We collected clinical histories from and performed physical examinations of all patients, special attention being given to the occurrence of episodes of loss of consciousness preceding the onset of symptoms, as well as to the presence of oral disease (teeth in a state of decay and with periodontal involvement) and foul smelling bronchopulmonary secretions.

Simple anteroposterior and lateral chest X-rays and penetrating X-rays of the mediastinum were taken of all 252 patients prior to and after the initiation of treatment. Either linear tomography (prior to 1986) or computed tomography (after that date), together with bronchoscopy (rigid or fiberoptic), was performed whenever judged necessary, especially when there was a delay in clinical improvement, suspicion of bronchial neoplasia or bilateral lesions, as well as in patients submitted to pulmonary resection. Patients presenting concomitant fluid in the pleural cavity were submitted to thoracentesis, and material was collected for microbiological, cytological and biochemical tests.

Bacteriological examinations of sputum were routinely performed, sputum smear microscopy being especially favored, in the search for evidence of mixed flora, which is indicative of anaerobic bacteria. Material collected through bronchoscopy (109 patients), pleural puncture (24 cases) or lung puncture (8 cases, including drainage of the abscess) were also examined by the microbiologist, who carried out direct tests and cultures in common media, but not under anaerobic conditions. In surgical cases with resection, the samples were submitted to anatomopathological examination. Other routine blood and urine tests were performed in all patients.

All treatment, clinical and surgical modalities were performed within the facility itself. After discharge, patients were referred for dental treatment, either in the facility itself or outside it.

Proportion (chi-square) tests were used to compare the variables of interest, and the level of significance was set at 5%.

 

RESULTS

Of the 252 cases of lung abscess, 209 occurred in males (82.9%) and 43 in females (17.1%), a significant difference (p < 0.001). The mean age was 41.4 years, ranging from 8 to 76 years. An eight-year-old child had diabetes mellitus that was being treated with insulin. Smoking was reported in 65% of the cases, alcohol abuse in 70.2% and at least one episode of lost consciousness in 78.6%. Alcohol abuse was associated with 89.4% of the confirmed cases of loss of consciousness, and this number was significantly higher (p < 0.001) than that of the other conditions together (epilepsy, skull-brain trauma, etc). Dental disease was seen in 82.2% of the cases. Cough, expectoration and fever were the symptoms most often presented by the patients. A total of 88 patients (35%) the symptoms persisted for more than four weeks (Table 1).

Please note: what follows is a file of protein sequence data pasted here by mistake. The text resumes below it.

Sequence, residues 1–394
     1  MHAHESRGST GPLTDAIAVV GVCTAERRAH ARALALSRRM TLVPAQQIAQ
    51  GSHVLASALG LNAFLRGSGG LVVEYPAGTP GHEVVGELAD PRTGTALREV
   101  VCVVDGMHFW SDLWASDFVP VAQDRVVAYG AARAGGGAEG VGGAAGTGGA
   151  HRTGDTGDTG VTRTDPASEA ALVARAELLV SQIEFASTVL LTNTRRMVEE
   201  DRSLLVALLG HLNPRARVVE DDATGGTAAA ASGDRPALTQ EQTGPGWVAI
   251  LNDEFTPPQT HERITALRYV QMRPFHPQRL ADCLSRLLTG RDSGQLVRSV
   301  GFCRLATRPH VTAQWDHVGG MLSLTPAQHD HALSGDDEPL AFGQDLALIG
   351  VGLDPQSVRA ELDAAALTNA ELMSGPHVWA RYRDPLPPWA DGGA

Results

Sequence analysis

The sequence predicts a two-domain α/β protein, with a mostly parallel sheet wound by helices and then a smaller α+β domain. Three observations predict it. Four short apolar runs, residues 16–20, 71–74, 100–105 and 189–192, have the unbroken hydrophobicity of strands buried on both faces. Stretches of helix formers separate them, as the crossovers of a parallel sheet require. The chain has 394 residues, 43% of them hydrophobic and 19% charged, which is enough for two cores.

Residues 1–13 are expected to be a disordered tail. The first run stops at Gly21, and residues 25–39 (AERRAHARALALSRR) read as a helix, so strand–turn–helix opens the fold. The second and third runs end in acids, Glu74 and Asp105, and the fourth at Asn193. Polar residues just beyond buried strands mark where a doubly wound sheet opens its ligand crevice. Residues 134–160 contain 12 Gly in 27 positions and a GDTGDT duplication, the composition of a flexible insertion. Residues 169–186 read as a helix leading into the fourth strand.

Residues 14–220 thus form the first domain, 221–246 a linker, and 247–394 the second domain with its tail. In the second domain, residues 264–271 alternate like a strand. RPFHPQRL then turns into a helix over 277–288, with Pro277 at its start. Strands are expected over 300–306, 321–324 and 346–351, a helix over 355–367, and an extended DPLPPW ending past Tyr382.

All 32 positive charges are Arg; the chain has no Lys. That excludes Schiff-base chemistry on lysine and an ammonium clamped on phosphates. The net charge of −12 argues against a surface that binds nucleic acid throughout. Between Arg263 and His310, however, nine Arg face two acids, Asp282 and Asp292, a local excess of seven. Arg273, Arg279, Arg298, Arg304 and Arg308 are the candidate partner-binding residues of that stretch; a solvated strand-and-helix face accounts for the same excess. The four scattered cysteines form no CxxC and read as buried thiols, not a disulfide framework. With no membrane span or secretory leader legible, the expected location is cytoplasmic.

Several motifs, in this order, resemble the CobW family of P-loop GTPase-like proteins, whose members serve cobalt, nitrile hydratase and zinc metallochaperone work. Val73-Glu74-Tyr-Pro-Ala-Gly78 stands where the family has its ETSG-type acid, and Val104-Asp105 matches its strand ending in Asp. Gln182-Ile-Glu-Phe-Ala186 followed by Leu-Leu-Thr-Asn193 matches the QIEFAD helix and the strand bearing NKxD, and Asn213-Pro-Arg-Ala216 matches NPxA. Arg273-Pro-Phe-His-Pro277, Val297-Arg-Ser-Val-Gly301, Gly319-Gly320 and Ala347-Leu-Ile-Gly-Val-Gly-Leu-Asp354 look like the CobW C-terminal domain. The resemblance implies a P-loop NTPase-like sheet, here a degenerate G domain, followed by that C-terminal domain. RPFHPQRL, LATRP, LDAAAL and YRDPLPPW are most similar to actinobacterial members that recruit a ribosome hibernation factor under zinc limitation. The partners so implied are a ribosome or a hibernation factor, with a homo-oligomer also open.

In most cases (96.5%), the abscesses were unilateral and singular. They were found in the same frequency in both lungs, were generally between 4 and 8 cm in diameter, and with a marked preference for the posterior segments of the upper lobes and the superior segments of the lower lobes. Table 2 shows the radiological presentations seen in the 252 patients, all of them having been submitted to simple anteroposterior and lateral chest X-rays, with complementary tomography scans in 136 cases (54%).

 

 

Figure 1 shows the radiographic findings in one case that is representative of most the cases that were analyzed in the present study, that is, cavitary lesion, singular, moderate-sized, with air-fluid level in its interior, located in the superior segment of the lower lobe, with no evidence of foci of dissemination to other sites of the lung. Figure 2 shows, on a simple X-ray and a computed tomography scan of the chest, an uncommon case of multiple abscesses, in both lungs, in an alcoholic female patient. In the two cases used as examples, as well as in the others, the absence of foci of dissemination (bronchopneumonic, pericavitary or distant) is notable.

 

 

 

 

Rigid bronchoscopy (in the first years of the study) or fiberoptic bronchoscopy were performed in 109 patients (43.6%): in all of the 52 surgical cases, and in 57 cases that were treated clinically, but with delayed response (more than two weeks) or in which there was suspicion of neoplasia, which was excluded later. In 3 patients, there was significant stenosis of the bronchus draining the abscess cavity. In 2 others, there was active bleeding. In the remaining patients, there was abundant purulent or sanguinopurulent secretion in the bronchial tree.